There’s more to a green roof than meets the eye. Under the surface of a modern green roof lies a hidden build up that not only waterproofs the roof, but protects it from root damage, provides adequate drainage as well as the necessary growing medium to maintain whatever vegetation the roof is intended to support. Going hand in hand with the multitude of technical challenges of designing a green roof there lies the equally bewildering array of choices when it comes to selecting the type of fauna to grace your roof in the first place.
The choice of vegetation on any green roof directly dictates the roof build up, type and depth of growing medium, structural requirements of the roof as well as the ongoing maintenance regime – all of which need to be considered and understood from the outset, making the selection of an experienced green roof architect vital. Grainge Architects have successfully helped many clients through this potential minefield, to guide them to the most appropriate solution for their needs.
Many books have been written on the subject of green roofs, and the subject is far too vast to cover adequately in a short blog, so below we highlight just a selection of particularly interesting and varied schemes that we have completed in the last few years to give a flavour of the opportunities available.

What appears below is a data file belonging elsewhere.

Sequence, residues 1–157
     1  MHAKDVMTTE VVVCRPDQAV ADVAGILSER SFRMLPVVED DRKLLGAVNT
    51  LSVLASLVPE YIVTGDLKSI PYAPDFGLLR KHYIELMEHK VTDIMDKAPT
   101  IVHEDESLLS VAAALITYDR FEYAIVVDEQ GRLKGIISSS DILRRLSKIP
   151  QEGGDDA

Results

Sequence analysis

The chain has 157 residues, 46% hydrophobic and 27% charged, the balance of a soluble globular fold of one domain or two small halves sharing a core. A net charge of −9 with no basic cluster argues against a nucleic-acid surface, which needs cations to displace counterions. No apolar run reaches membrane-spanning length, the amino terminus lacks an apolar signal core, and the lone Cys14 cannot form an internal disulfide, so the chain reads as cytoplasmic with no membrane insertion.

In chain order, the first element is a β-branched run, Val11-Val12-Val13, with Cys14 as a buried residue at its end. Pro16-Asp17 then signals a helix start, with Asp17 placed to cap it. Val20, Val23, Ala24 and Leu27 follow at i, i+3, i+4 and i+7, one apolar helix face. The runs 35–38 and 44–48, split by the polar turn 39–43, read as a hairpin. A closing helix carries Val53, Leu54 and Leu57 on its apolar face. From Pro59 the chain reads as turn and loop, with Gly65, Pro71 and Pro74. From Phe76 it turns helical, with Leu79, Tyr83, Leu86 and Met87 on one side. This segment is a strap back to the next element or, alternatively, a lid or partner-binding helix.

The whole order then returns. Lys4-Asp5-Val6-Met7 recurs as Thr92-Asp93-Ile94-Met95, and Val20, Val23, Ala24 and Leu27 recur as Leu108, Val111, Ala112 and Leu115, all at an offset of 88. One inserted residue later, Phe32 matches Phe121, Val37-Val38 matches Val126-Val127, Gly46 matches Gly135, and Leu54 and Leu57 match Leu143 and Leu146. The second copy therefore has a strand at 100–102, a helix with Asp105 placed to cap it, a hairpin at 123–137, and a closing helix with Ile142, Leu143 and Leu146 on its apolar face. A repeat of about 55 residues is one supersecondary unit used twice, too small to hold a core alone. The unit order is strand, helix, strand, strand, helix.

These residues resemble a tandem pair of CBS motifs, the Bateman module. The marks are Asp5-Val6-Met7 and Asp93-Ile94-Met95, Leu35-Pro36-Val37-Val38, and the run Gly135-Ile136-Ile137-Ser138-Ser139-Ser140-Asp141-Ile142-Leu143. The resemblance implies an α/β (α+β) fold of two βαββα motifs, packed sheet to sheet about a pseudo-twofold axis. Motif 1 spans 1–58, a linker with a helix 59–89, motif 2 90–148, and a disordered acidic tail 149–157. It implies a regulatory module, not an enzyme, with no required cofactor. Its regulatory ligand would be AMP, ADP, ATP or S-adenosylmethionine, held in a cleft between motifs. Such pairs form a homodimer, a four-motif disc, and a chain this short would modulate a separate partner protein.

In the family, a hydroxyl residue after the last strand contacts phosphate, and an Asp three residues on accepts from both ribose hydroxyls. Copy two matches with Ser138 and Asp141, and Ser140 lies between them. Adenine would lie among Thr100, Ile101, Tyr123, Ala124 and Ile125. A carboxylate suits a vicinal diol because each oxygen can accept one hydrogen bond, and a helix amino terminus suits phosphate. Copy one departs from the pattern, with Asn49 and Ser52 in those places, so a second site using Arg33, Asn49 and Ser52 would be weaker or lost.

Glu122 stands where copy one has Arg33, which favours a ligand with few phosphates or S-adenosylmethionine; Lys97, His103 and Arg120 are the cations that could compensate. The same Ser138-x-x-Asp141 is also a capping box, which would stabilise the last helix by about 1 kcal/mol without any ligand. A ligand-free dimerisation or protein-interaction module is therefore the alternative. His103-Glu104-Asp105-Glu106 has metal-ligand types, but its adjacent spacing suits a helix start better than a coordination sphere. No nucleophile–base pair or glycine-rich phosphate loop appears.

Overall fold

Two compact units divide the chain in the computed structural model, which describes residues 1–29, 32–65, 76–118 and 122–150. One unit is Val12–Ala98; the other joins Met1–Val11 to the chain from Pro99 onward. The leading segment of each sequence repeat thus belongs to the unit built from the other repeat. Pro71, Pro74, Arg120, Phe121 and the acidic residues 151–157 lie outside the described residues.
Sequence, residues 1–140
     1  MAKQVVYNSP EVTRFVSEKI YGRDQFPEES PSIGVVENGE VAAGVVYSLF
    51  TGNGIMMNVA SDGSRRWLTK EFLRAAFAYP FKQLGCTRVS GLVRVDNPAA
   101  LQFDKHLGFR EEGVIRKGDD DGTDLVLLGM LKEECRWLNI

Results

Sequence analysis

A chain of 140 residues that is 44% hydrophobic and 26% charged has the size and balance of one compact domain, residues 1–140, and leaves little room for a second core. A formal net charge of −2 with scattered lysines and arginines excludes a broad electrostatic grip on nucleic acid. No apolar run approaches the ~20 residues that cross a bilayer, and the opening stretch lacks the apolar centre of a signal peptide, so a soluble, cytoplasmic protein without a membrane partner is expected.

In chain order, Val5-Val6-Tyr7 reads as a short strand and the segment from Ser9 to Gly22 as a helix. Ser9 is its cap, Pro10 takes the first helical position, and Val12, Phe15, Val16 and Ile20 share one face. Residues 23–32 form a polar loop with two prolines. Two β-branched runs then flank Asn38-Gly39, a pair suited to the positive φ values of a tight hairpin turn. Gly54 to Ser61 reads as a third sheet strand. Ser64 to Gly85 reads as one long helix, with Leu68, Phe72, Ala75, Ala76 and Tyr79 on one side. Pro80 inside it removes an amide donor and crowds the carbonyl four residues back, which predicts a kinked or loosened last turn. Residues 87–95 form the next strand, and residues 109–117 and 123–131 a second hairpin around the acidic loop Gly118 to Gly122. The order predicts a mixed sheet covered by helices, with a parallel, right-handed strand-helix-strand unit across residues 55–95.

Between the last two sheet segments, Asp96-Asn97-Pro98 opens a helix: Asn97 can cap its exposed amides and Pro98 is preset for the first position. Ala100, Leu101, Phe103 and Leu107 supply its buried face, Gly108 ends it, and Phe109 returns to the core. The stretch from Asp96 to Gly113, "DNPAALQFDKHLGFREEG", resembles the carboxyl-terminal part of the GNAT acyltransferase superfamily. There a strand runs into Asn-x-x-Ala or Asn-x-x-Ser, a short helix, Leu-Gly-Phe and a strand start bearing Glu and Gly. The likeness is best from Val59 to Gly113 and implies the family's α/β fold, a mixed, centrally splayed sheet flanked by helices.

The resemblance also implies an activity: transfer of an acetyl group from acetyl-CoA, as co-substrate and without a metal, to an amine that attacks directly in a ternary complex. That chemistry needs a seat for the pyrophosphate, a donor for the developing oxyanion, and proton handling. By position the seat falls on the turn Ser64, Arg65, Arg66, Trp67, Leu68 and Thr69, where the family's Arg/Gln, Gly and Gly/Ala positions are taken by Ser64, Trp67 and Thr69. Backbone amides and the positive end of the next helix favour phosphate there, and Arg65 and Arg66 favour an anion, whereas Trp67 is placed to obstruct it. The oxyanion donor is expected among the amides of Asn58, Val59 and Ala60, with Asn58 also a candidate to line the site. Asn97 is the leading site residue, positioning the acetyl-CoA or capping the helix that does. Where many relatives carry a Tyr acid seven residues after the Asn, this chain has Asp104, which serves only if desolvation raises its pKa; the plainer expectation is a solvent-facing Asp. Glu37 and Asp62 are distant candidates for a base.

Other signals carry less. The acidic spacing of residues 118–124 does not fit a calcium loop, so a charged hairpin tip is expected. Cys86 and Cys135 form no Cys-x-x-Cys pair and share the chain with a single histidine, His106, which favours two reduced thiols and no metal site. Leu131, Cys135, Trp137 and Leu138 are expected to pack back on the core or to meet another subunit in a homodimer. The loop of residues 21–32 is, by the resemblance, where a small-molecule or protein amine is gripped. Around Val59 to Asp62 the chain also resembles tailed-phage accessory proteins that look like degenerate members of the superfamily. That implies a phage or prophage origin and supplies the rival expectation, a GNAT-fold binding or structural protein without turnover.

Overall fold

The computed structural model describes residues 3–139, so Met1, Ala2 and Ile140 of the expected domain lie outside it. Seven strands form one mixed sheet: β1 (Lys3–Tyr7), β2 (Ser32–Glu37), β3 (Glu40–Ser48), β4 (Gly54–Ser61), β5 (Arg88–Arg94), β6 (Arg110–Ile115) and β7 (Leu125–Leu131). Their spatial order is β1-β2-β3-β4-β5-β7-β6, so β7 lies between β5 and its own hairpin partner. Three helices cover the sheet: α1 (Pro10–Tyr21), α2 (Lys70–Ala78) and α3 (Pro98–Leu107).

Peter Lanyon Building, Combined Universities of Cornwall, Tremough Campus. – A large, relatively lush extensive green roof, seeded with native wildflowers, this is a roof that seems to change not only with the seasons but year on year. The biodiversity provided by the green roof was instrumental in helping the scheme achieve its environmental BREEAM rating.
Pinhoe & St Nicholas Primary Schools, Exeter – Two large low-fertility Bio-diverse nature roofs. The roofs were left to be steadily colonised by native self-seeded fauna to provide habitat to a wide selection of bird and insect life. The only maintenance required being a yearly check over for invasive tree species and the recovery of lost footballs. The roof provides an oasis for wildlife as well as helping to eliminate the noise of rain drumming on the roof and ensures longevity of the roof at the same time.
RSPB Birdhide, Darts Farm, Exeter – A small scale, low maintenance extensive sedum roof intended to blend into the landscape, and provide a valuable wildlife habitat. The timber-clad building has fixed wires on the facade to aid and encourage climbing plants to further settle the hides into their surroundings by forming green living walls – but this in itself is another topic entirely!
Porthcressa, Isles of Scilly – Several small scale beach-side green roofs situated in a challenging location. Roofs designed and vegetation specified to be native species capable of withstanding the sand and salt of this maritime location.
This small selection of roof types illustrate some of the alternatives to the more commonly recognized sedum or Intensive “Garden Like” roofs much of the public perceive as “green roofs”. Increasingly with green roofs being selected with biodiversity in mind as well as their other benefits such as reduction of rainwater run-off rates and planning aesthetic value, expect to see ever more examples springing up on a roof near you.